August mid-month bailing-out Rambling

Melanie is dealing with her blind spots, in more ways than one.

© Used by permission.

Here’s the truth of the matter: I was away last weekend, overbooked. (Will explain, eventually.) I’ve been exhausted much of the week, rather ticked by something else, and it’s difficult to write. I’ve created ONE blog post for this site this week (the one about the possible Olympic boycott in 2014).

Since I write ahead, it wasn’t an IMMEDIATE problem, but eventually, it would be. At the same time, I hit on a whole bunch of linkage, enough (as of August 9, as I write this) for a whole post, with three weeks to (I hope) find more linking goodness for the end of the month. So consider this my summer vacation/”it’s my blog and I’ll cheat if I want” post.

The Mark Evanier News from ME section, in honor of him being named by TIME magazine, as one of the 25 Best Bloggers of 2013:
While I am very fond of his stories about his parents individually, I love Tales of My Mother and My Father #1. “My parents met in Hartford, Connecticut in the mid-forties. They dated for a time but there was enormous pressure for them to not do this. My father, you see, was Jewish. My mother, you see, was Catholic.”

I remember reading the comic strip Rick O’Shea, created by Stan Lynde who died at the age of 82. Wasn’t in a big circulation newspaper, either.
Jim Henson’s local (DC) show called Sam and Friends in which a Kermit prototype and other Muppets perform to Stan Freberg’s record of “I’ve Got You Under My Skin.”
Mark gets a residual check..

Why good copy editors are ‘abnormal’ humans.

My US Senator Kirsten Gillibrand (D-NY) visits ‘The Daily Show,’ gets perhaps more than she bargained for. I like her, voted for her at least twice. But John Oliver does a great job, asking tough questions in this interview.

You’ll learn a lot from Arthur about James Baldwin, who would have been 89 this month. And Ken Levine learned from Tony Bennett, who just turned 87.

The absurdity of standardized testing; several posts at this site.

Chuck Miller again dubbed a post of mine on his Best of our TU Community Blogs for August 8, 2013: End the blood donation ban on gay men. I liked his piece on Calvin and Hobbes. I usually enjoy his regular K-Chuck Radio series; for this one, featuring a surprisingly raunchy song from the 1940s, and a cover version of Que Sera, Sera that sounds like La Bamba.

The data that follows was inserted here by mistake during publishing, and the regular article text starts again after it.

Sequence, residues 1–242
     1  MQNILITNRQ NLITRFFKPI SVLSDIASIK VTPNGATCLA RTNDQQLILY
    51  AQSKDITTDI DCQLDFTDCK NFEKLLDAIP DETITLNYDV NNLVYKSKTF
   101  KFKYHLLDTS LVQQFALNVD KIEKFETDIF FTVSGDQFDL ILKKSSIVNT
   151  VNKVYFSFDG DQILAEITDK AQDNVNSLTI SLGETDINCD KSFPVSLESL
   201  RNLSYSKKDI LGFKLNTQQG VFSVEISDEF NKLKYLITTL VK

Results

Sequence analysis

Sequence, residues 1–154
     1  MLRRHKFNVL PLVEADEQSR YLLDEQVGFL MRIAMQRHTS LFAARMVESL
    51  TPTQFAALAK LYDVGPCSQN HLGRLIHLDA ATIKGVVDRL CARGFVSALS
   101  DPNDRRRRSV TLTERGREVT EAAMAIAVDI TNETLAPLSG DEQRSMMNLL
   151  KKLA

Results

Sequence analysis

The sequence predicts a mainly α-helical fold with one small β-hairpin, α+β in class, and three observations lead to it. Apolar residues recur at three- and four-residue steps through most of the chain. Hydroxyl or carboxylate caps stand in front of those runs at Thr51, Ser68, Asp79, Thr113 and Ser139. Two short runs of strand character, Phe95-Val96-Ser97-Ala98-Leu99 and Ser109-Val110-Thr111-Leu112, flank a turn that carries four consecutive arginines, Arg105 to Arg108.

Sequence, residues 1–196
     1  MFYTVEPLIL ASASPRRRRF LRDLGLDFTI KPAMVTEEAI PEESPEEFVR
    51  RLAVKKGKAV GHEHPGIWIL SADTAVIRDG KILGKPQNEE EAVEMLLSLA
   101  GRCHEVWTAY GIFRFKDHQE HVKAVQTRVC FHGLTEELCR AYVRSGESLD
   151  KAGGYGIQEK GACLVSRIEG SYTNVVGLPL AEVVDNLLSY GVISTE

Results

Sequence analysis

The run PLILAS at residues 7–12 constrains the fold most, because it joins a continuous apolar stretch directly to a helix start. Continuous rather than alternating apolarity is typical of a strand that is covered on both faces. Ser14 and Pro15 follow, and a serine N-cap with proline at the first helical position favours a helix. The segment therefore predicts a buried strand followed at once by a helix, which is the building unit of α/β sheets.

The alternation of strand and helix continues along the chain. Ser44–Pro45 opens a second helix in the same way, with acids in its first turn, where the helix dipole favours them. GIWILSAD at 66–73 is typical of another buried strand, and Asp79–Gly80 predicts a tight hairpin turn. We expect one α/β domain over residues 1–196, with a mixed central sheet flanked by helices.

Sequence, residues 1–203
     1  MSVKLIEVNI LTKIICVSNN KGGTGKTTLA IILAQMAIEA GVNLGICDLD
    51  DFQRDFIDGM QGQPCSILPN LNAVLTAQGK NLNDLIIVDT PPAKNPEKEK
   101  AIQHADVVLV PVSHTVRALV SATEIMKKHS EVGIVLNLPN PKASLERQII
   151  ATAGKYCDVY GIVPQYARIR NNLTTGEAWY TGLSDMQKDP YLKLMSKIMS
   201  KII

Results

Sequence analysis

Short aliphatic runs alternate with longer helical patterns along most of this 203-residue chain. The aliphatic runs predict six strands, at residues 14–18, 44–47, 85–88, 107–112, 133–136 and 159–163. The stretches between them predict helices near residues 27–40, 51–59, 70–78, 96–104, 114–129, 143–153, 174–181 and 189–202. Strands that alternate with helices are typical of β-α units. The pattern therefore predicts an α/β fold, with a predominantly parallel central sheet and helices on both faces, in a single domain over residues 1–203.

Melanie is dealing with her blind spots, in more ways than one.

Is Kindness a Weakness? (No!)

Confession: I’ve never learned to drink coffee, or to make it. I blame these guys.

Daniel Nester’s Notes on record stores and his first girlfriend.

Sounds Just Like suggests that one popular song sounds just like another one.

Neil Innes on The Rutles, ‘working’ with Lennon & McCartney and being impersonated by Elvis!

Gus “Cosmo” Allegretti, who created Bunny Rabbit and Mr. Moose on ‘Captain Kangaroo’, died at 86. He also operated Grandfather Clock and Dancing Bear. I watched his work a LOT in my childhood.

How to fold a shirt in 2 seconds.

Me Want It (But Me Wait) by Cookie Monster.

You may have seen Your Morning Jam: The Roots Do ‘Blurred Lines’ With Kiddie Instruments, with Robin Thicke and Jimmy Fallon.


June Ramblin’

From the Monty Python movie “Life of Brian”, What have the Romans ever done for us?

Just a reminder that you have only three more full days to enter my giveaway. Rules are on the sidebar, but basically, from now through July 3 at 11:59 EDT, every time you comment to a post, assuming you haven’t commented already to that specific piece, gives you a chance at some prizes, including a complete DVD box set of The Dick Van Dyke Show and a Michael Jackson greatest hits CD.

Speaking of Michael Jackson: in honor of the anniversary of his death this past week, the full-length video of Thriller, performed with Legos.

I KNEW there was a way to post something on Twitter and have it show up on Facebook, but couldn’t suss out the instructions. This really helped me. And, in fact, it was one of my Facebook friends who provided the link.

Author Rebecca Skloot has interesting info about her best-selling book The Immortal Life of Henrietta Lacks on her website, including audio, video, and an excerpt.

Her name was Henrietta Lacks, but scientists know her as HeLa. She was a poor Southern tobacco farmer who worked the same land as her slave ancestors, yet her cells—taken without her knowledge—became one of the most important tools in medicine. The first “immortal” human cells grown in culture, they are still alive today, though she has been dead for more than sixty years.

Here’s a link about the book being discussed on PBS Religion & Ethics Newsweekly

Nice tribute to 7’7″ Manute Bol, noted as a basketball player, but noteworthy because of his humanitarian causes, who died last week at 47.

I’ve always liked U.S. Senator Robert Byrd (D-WV), who died this week at the age of 92. Even as his politics evolved, from his brief flirtation with the KKK to civil rights supporter, from Vietnam hawk to Iraq dove, his love of the U.S. constution remained steadfast. He died at 92 this week, and here is an appreciation.

This may make sense only if you know football; I mean, American football: Unsportsmanlike Conduct Jesus.

A singalong version of Always Look on the Bright Side of Life, a song originally from the Monty Python movie “Life of Brian.” That always reminds me of my favorite segment of the film, What have the Romans ever done for us?

Neil Gaiman defends libraries.

visit4info – The Place for TV Adverts and Funny Video Clips from the UK

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